1. the steepness of a slope, especially of a roof.
2. (shoes) the difference in the stack height (padding) between the heel and the forefoot.
Most of us will therefore agree that the pitch of a shoe should be given as a comparison between the thickness at the heel and the thickness at the forefoot, preferably taken using callipers or similar.
Based on this understanding, what do you estimate as the pitch for each of the shoes below?
Let me explain, though, before anyone jumps up and down and gets their knickers twisted, let it be known that relative to most of what is on the market I am very fond of the above shoes. I use them as a point of reference to help you be better equipped to sift through the bullshit and jellybeans.
toe spring /təʊ sprɪŋ/
1. The elevation of the toe end of the shoe from the ball.
More often than not, it seems that the pitch of the shoe is made by a comparison of two lines. The first a line from the highest point of the toe spring to the highest point of padding at the heel. The second horizontal in line with the ground. Using this calculation the two shoes above are being marketed as 4mm and 6mm.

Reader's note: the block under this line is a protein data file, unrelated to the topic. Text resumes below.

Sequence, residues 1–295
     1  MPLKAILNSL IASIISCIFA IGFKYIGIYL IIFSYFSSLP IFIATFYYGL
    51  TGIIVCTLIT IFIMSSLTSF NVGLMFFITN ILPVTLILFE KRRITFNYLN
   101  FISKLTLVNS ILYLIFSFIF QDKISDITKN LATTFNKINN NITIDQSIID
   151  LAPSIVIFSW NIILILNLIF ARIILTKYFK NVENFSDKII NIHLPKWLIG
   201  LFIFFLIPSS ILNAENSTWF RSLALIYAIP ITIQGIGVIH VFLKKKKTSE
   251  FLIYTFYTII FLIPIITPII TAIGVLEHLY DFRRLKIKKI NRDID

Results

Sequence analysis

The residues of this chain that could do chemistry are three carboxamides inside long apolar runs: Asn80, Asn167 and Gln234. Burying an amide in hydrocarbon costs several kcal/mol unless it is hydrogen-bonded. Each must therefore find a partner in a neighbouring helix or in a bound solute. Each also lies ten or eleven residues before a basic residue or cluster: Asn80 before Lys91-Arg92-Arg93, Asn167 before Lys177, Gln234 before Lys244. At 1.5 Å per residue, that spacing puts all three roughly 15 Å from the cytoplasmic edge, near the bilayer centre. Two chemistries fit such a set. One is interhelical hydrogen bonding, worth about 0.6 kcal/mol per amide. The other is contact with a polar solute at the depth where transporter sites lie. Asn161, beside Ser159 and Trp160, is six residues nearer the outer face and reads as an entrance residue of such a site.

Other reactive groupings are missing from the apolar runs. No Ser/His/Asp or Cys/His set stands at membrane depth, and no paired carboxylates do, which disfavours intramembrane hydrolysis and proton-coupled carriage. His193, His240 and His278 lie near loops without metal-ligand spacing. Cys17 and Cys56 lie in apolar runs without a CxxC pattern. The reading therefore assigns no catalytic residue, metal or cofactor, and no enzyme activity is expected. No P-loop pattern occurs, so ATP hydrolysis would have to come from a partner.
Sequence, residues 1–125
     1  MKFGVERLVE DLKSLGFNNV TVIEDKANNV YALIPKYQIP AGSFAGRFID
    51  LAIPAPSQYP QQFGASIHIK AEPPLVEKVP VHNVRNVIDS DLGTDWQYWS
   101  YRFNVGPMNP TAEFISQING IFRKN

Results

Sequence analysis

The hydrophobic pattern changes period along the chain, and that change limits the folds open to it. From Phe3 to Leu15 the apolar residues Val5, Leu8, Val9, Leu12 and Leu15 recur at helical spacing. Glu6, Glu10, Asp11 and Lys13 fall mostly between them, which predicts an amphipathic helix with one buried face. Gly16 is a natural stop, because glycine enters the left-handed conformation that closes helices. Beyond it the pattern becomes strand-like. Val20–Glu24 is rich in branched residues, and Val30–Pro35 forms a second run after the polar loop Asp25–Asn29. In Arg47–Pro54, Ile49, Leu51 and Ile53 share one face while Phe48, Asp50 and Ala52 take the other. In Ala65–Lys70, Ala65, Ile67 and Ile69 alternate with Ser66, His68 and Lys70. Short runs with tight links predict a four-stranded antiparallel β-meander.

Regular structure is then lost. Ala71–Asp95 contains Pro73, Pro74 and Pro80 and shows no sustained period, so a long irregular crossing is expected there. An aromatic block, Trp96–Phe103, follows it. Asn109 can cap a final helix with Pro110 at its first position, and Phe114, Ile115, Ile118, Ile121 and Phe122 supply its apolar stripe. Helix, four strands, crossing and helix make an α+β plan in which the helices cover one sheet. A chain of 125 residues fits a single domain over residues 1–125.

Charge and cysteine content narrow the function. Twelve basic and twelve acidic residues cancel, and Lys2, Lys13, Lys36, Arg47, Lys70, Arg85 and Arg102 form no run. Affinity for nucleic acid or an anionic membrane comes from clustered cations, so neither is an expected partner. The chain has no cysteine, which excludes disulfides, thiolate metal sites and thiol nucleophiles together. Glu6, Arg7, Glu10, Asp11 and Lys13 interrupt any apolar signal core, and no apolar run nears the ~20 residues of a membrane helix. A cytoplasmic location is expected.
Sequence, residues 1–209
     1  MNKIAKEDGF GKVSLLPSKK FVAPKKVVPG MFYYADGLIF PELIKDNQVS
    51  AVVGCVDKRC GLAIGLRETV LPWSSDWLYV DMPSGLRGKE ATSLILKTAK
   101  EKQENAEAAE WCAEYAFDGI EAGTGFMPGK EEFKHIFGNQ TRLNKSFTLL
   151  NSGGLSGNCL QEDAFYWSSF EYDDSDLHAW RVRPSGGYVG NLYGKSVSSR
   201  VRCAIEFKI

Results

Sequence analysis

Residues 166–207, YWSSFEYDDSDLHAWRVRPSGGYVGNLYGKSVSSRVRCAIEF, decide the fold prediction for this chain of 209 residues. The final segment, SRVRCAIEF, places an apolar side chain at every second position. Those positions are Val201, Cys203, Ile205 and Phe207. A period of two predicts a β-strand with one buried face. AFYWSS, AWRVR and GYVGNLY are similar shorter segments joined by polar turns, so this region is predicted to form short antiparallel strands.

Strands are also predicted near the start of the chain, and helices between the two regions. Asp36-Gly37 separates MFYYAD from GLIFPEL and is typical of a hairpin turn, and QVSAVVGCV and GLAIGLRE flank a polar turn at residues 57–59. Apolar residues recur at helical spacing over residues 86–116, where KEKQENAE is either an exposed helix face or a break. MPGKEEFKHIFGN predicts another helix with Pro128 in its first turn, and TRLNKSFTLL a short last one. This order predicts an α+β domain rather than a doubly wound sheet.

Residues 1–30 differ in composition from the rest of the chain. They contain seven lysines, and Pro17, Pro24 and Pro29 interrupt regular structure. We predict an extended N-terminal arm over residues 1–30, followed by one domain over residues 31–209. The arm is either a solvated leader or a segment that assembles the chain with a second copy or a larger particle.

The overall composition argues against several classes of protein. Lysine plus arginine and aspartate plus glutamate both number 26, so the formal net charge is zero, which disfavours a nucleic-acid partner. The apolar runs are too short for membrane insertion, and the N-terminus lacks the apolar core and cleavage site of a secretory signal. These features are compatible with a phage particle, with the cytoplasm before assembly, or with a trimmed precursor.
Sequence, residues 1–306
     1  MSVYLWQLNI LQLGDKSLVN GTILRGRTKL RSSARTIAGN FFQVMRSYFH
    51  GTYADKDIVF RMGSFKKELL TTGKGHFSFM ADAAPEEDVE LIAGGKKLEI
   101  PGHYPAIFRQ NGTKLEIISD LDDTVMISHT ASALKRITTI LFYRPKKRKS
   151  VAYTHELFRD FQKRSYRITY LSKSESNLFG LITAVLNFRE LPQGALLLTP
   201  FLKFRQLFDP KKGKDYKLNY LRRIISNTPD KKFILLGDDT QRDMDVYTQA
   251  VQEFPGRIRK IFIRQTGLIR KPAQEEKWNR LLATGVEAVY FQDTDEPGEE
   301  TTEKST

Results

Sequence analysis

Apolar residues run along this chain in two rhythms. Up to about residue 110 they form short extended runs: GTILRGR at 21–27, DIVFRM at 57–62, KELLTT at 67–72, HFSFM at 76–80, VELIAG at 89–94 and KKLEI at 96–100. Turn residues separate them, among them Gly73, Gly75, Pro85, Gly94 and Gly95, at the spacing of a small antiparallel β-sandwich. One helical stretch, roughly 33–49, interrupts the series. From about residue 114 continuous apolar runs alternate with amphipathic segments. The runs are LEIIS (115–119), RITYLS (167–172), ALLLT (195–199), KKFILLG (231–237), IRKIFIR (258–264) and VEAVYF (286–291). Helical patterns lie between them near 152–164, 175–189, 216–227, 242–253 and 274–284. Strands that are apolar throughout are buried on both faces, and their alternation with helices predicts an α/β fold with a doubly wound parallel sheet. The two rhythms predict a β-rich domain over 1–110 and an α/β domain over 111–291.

Added to this, athletic shoes generally come with a foam inner sole. The vast majority of foam inner soles are thicker at the heel than the forefoot. This further increases the angle of your foot in the shoe.
So, going back to our shoes above. What do you think is the true pitch of your foot inside these shoes?
Is there an ideal pitch? That is a whole topic all on its own. The short answer is no. The beginning of the longer answer is that there is only one constant in the equation, that being the foot. Morphologically the more time you spend with the heel raised off the ground, the shorter the achilles (amongst other structures) will become. Though, this is far more important in life than in exercise.
Now, go and grab some shoes, have a play, and let me know what you find.